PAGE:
When Is an Ecosystem an Ecosystem? Or: How to Save Time and Effort

The term ecosystem is currently on everyone’s lips and is becoming increasingly relevant as more and more companies discover the new value creation opportunities that arise from participating in ecosystems. According to Pidun, Reeves & Schüssler (2019), the word ecosystem is now used thirteen times more frequently in annual reports of large corporations than it was a decade ago. Increasingly, ecosystems are becoming part of a company’s own corporate strategy, but in implementing them many companies also encounter some challenges, as the concept is often still poorly understood. An ecosystem is a dynamic structure of various interdependent, yet autonomous, actors that align their complementary activities toward a common goal, the co-creation of value (Betz, 2020). Ecosystems are much more extensive than strategic partnerships because many different actors bring in their own individual strengths and provide services largely independently. Despite this independence, however, the individual players are often closely interlinked, not least based on modern information and communication technologies.

A central characteristic of an ecosystem is a changed value creation logic that focuses on joint value creation and active mutual support. On the one hand, access to supporting resources and capabilities must be created for individual actors, and on the other hand, complementary services must be brought together in a meaningful way to form an overarching offering that, in its entirety, creates greater customer value than any one offering alone.

In addition, ecosystems are often highly dynamic in terms of the continuous further development of services. Co-innovation plays an important role here: a new technology or service from one company will only benefit the network if the ecosystem partners have the necessary technological prerequisites (e.g. standards) to use it[1]. This means that dependencies must be identified and resolved early on. (Adner, 2013).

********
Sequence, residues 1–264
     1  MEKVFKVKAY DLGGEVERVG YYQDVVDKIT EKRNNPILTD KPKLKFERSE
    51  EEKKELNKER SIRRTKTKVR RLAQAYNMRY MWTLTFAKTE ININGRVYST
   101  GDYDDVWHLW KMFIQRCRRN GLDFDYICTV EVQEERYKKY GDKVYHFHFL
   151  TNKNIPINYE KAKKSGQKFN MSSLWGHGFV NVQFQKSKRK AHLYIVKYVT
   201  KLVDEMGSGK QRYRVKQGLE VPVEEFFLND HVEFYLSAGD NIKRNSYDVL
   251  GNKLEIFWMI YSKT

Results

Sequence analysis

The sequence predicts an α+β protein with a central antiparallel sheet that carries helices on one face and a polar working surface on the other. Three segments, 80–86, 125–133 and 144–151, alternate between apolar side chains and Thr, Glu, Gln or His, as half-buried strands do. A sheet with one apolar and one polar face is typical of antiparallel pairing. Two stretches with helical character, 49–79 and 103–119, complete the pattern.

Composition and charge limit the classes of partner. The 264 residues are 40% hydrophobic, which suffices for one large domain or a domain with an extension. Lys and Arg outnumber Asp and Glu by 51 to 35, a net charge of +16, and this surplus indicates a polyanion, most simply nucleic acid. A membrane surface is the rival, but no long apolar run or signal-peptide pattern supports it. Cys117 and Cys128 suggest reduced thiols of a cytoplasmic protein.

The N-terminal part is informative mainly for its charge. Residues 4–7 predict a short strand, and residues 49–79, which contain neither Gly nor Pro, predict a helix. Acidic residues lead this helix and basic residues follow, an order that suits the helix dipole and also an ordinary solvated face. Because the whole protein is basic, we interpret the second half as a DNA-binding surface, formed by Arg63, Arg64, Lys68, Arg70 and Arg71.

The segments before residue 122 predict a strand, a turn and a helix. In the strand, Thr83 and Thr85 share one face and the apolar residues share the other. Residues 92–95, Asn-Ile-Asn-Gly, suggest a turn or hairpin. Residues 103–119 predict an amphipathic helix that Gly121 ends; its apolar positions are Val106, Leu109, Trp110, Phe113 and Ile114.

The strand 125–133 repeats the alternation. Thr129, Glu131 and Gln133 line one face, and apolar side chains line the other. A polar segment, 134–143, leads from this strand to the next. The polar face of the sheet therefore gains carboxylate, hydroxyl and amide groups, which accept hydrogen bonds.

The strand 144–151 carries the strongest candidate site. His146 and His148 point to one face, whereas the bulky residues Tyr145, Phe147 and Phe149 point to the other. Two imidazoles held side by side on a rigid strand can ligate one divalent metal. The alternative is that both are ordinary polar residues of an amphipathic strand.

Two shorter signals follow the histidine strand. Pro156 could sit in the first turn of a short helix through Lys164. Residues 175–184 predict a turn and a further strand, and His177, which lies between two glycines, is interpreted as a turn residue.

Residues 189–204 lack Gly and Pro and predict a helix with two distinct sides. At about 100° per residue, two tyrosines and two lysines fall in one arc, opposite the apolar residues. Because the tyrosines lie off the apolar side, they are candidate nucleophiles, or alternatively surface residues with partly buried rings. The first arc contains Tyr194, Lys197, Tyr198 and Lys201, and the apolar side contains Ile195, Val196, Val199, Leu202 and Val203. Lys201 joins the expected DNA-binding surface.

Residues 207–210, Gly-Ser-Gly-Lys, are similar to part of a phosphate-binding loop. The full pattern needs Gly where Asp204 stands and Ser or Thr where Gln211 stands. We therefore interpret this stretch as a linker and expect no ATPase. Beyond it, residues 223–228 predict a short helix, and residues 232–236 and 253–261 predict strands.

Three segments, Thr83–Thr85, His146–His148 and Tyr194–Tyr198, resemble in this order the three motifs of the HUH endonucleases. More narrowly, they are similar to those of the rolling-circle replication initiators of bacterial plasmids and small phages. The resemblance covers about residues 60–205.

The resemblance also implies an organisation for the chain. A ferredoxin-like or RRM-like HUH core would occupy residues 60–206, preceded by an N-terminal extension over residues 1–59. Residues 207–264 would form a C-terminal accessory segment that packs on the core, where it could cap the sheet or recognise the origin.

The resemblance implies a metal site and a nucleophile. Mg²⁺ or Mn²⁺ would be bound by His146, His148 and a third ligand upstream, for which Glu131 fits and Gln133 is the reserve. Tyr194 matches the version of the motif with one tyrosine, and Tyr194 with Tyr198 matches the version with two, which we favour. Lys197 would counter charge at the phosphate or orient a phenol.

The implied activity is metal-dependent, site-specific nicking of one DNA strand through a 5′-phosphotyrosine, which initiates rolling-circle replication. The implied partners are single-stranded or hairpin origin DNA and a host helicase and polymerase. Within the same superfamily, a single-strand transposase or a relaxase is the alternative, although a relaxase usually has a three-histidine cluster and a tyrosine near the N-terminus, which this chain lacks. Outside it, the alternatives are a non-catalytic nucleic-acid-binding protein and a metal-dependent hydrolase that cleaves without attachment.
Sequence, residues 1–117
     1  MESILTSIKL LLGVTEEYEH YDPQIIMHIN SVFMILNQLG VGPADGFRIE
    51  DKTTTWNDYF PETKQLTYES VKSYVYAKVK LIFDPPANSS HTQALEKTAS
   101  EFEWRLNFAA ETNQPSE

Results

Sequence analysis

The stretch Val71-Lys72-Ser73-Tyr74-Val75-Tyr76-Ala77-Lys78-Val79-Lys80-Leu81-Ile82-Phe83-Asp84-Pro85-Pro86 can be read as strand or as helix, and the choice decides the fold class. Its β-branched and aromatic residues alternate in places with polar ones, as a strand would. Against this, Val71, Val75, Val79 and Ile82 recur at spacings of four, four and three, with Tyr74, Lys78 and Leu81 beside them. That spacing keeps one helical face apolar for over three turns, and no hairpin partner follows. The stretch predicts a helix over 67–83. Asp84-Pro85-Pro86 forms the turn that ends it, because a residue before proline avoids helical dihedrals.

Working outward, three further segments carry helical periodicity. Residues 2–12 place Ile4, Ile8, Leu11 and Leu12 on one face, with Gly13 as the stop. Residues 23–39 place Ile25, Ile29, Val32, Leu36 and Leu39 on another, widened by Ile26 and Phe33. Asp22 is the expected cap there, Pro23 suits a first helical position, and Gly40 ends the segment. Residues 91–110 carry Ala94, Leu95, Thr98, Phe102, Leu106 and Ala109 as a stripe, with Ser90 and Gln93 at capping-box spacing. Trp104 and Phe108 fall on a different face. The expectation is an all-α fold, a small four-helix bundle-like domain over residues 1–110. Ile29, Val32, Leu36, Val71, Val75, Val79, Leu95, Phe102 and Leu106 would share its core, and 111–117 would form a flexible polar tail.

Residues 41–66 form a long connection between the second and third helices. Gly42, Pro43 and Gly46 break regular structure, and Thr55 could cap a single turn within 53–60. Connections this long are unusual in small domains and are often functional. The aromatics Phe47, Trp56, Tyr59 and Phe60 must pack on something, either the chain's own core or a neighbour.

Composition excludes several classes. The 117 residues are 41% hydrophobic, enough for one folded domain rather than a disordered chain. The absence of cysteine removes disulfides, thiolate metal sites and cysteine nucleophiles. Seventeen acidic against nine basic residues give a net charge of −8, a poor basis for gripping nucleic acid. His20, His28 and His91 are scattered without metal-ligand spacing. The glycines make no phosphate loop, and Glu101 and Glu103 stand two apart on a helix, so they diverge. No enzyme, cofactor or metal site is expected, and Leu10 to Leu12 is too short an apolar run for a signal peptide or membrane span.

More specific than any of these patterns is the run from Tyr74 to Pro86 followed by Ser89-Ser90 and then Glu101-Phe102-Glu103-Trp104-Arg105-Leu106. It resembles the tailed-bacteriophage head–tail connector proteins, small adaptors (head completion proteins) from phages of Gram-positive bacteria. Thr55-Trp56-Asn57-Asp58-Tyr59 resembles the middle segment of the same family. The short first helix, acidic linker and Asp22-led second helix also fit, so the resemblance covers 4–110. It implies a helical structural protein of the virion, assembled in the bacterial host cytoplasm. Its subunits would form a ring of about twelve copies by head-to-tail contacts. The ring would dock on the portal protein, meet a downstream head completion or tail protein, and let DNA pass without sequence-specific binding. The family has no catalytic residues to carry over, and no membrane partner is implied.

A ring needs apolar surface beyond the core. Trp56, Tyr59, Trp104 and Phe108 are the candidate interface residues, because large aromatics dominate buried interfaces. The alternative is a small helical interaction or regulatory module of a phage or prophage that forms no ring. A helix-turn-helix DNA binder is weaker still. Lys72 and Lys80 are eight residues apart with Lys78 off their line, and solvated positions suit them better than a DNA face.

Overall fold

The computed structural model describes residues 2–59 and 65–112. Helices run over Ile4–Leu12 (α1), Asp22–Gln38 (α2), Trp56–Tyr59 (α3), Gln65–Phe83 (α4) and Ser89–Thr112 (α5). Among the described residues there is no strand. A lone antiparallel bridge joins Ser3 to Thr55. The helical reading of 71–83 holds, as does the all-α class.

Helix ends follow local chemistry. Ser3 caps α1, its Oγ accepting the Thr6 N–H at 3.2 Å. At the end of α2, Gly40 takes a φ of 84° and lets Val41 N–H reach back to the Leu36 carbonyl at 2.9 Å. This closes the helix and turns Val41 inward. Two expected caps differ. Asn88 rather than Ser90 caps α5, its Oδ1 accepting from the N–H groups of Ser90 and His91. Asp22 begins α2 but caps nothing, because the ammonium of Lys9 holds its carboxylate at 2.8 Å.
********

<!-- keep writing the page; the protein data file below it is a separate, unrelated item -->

What Distinguishes Ecosystems from Other Forms of Cooperation?

Various other concepts already exist that describe cooperations or network structures, but these are by no means ecosystems:

Clusters can be described as groups of locally interconnected companies within an industry that lead to more efficient production processes through horizontal and vertical relationships between organizations. Clusters can be illustrated by looking at Silicon Valley. Various IT companies (Apple, Facebook, Google, etc.) and start-ups are centered in Silicon Valley due to the location advantage of proximity to renowned research institutions such as Stanford University, suppliers, partner companies or access to venture capital.

A virtual organization is an organization that reacts flexibly to market opportunities involving other units via a central, customer-oriented integration company. Information technology is needed to support communication between employees. Examples include management consultancies that rely on laptops and smartphones as hardware and use Microsoft Teams, Skype for Business or WhatsApp as software for internal and external communication. 

Strategic alliances are cooperation agreements between several independent companies that are often in direct competition with each other. Here, the terms of cooperation are explicitly regulated in advance by contract. One such strategic alliance is the Star Alliance. The Star Alliance is an aviation alliance consisting of 26 airlines that attempts to achieve efficiency gains by coordinating or sharing certain activities or infrastructures, such as flight times, spare parts ordering or lounges. Members include Lufthansa and its subsidiaries, such as Swiss or Austrian Airlines. Various competitors such as Singapore Airlines and Air Canada are also involved in the alliance.